Women Who Give Birth "Secretly" in France (2007-2009)
France is the only Western country, apart from Luxembourg, Italy and the Czech Republic, where the law allows women to request that their identity be kept secret and withheld from their child’s birth certificate. They are never required to give their name; hence the expression "sous X" (under the name of X) which appeared at a time when an "X" replaced the mother’s name in the child’s file.
Since 2005, the number of secret births has been increasing, rising from 588 in that year to around 700 in 2010.
The sociodemographic characteristics of the mothers
A study performed in 83 departments between July 2007 and June 2009 yielded information on the sociodemographic characteristics of 739 women who had requested to give birth secretly.
They differ from the whole population of women who gave birth in 2008 in the following ways:
- Age: They were younger than other mothers by an average of four years (26 years versus 30 years). 11% were minors, versus 0.5% in the general population, and 18% were between 18 and 20 years old, versus 3% in the general population. Because of their youth, they were slightly more frequently first-time mothers (49% versus 42%), lived more often with their parents (31%) and were more likely to be students (27%).
- Their family situation: Eight out of ten did not live with a partner and a significant number were single mothers (28%).
- Lack of financial autonomy: Three out of four were not economically independent. They were enrolled in school or post-secondary education (27%), inactive (15%), unemployed (10%) or held insecure or part-time jobs (9%).
However, women who gave birth anonymously also included older women: 16% were at least 35 years old (versus 18%); women with partners: 15% lived with the child’s biological father and 6% with another man; and women with relatively stable employment: 24%. Furthermore, and contrary to a common belief, they were not more likely to be foreigners (9%) or French women of foreign origin (15%) than other women. The youngest, however, were more often of North African origin: 14% vs. 10% between the ages of 18 and 25.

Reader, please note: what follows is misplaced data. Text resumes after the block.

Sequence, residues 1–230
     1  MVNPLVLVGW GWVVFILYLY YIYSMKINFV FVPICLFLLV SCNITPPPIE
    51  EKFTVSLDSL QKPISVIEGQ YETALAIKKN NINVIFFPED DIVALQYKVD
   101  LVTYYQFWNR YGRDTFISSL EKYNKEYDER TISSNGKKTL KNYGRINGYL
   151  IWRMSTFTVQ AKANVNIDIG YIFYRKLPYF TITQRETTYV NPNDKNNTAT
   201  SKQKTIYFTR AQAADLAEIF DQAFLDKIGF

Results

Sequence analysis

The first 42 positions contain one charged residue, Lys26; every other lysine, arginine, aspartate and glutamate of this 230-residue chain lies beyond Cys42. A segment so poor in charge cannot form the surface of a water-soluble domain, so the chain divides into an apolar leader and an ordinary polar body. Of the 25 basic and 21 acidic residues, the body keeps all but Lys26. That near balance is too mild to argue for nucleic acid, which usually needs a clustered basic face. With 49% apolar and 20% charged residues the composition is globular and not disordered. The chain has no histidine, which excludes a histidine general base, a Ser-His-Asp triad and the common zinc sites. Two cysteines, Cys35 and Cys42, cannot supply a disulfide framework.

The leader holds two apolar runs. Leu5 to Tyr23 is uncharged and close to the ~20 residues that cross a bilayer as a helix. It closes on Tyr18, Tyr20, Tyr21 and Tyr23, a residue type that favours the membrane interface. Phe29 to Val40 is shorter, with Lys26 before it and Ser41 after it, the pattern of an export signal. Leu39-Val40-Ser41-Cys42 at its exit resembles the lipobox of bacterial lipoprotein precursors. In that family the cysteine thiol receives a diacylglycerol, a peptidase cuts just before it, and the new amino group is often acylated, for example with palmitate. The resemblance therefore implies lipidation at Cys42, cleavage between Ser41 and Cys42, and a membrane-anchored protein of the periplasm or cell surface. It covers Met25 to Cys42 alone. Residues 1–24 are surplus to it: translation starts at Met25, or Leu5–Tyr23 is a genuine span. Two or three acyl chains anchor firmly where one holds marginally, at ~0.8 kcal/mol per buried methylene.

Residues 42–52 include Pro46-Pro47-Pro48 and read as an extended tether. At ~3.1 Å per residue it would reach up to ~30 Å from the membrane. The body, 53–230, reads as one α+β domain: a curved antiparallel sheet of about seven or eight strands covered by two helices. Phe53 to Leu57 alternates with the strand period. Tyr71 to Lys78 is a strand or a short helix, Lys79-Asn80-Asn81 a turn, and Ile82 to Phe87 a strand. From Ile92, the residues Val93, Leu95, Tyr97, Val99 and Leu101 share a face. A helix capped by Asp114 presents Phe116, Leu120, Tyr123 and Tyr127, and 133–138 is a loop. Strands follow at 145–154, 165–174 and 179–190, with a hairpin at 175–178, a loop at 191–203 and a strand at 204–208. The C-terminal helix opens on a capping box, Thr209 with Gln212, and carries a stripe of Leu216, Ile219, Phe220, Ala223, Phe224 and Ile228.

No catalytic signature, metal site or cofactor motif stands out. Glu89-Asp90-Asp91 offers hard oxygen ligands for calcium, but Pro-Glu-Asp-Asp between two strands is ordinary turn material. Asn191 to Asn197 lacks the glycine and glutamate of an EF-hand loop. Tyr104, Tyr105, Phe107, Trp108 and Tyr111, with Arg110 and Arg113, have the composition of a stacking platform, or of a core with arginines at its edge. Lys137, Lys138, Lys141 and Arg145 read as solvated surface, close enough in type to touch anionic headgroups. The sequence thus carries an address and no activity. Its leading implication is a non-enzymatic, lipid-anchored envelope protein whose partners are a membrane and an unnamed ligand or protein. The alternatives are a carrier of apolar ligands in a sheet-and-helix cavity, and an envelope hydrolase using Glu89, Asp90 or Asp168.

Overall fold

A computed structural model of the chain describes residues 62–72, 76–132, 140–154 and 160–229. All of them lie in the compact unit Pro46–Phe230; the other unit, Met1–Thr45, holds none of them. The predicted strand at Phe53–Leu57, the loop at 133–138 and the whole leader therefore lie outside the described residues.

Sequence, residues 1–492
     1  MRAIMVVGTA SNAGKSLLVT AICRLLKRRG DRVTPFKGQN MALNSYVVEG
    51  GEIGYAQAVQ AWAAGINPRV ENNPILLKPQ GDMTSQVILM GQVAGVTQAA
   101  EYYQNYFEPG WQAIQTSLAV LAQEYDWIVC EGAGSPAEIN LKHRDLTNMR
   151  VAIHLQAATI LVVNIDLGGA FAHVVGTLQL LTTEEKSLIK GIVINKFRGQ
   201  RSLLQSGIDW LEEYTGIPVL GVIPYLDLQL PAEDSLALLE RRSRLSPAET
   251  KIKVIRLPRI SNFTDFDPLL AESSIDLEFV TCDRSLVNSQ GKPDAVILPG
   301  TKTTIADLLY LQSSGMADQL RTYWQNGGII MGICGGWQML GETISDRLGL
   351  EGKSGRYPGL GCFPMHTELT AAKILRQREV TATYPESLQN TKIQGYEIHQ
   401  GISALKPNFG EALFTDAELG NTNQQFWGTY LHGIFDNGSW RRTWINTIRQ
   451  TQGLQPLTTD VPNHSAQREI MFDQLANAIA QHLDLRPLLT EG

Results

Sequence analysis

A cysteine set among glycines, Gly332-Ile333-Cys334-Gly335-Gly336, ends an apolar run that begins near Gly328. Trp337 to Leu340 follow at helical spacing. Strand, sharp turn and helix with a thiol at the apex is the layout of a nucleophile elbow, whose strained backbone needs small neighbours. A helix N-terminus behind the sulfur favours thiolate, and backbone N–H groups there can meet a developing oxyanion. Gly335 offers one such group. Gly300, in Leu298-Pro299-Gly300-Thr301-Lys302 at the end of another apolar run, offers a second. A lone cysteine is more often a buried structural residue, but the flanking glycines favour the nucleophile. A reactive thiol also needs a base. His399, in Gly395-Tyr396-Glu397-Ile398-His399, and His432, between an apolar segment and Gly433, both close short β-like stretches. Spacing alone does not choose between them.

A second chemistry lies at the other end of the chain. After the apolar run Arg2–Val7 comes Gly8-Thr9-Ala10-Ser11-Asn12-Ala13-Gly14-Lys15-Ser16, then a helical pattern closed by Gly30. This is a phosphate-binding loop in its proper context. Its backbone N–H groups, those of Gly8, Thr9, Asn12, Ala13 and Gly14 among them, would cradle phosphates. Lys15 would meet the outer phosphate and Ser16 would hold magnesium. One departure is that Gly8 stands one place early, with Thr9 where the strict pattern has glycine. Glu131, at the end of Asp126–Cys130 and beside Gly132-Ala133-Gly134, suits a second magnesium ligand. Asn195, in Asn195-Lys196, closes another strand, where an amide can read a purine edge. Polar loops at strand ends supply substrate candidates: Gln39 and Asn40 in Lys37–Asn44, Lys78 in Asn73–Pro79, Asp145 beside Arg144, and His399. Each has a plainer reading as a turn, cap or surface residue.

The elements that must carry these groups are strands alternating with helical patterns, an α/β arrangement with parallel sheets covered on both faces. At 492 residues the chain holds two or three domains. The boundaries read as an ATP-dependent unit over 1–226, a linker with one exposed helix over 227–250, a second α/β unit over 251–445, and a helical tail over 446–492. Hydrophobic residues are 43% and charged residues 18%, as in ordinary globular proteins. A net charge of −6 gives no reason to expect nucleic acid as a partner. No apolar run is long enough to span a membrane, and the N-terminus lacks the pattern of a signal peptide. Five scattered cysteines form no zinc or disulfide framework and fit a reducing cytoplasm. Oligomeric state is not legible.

In the file prepared for the child to consult later, birth mothers can give the reasons that motivated their decision. The absence of the biological father, or his behaviour, were the most frequently cited (43%), followed, in descending order of frequency, by financial difficulties, being too young, fear of family rejection, and recent or older traumas. Another difficulty in addition to all of these is the women’s late discovery of their pregnancy: more than eight out of ten only became aware of their state after the end of the legal time limit for abortion in France.
The law allows the birth parents to change their mind up to a two-month time limit. Before the end of this period, 14% of these mothers retrieved the child (in one out of four cases, along with the father). Among those who did not retrieve their child, 23% chose to make their identity directly accessible in case the child wishes to find it out later; 31% left a sealed envelope containing, in principle, information on their identity; and 46% left nothing with which they could be identified.
Source: Catherine Villeneuve-Gokalp, 2011, Women who Give Birth “Secretly” in France, 2007-2009, Ined, Population, Vol. 66/1, 131-168 [Publication]
Online: January 2012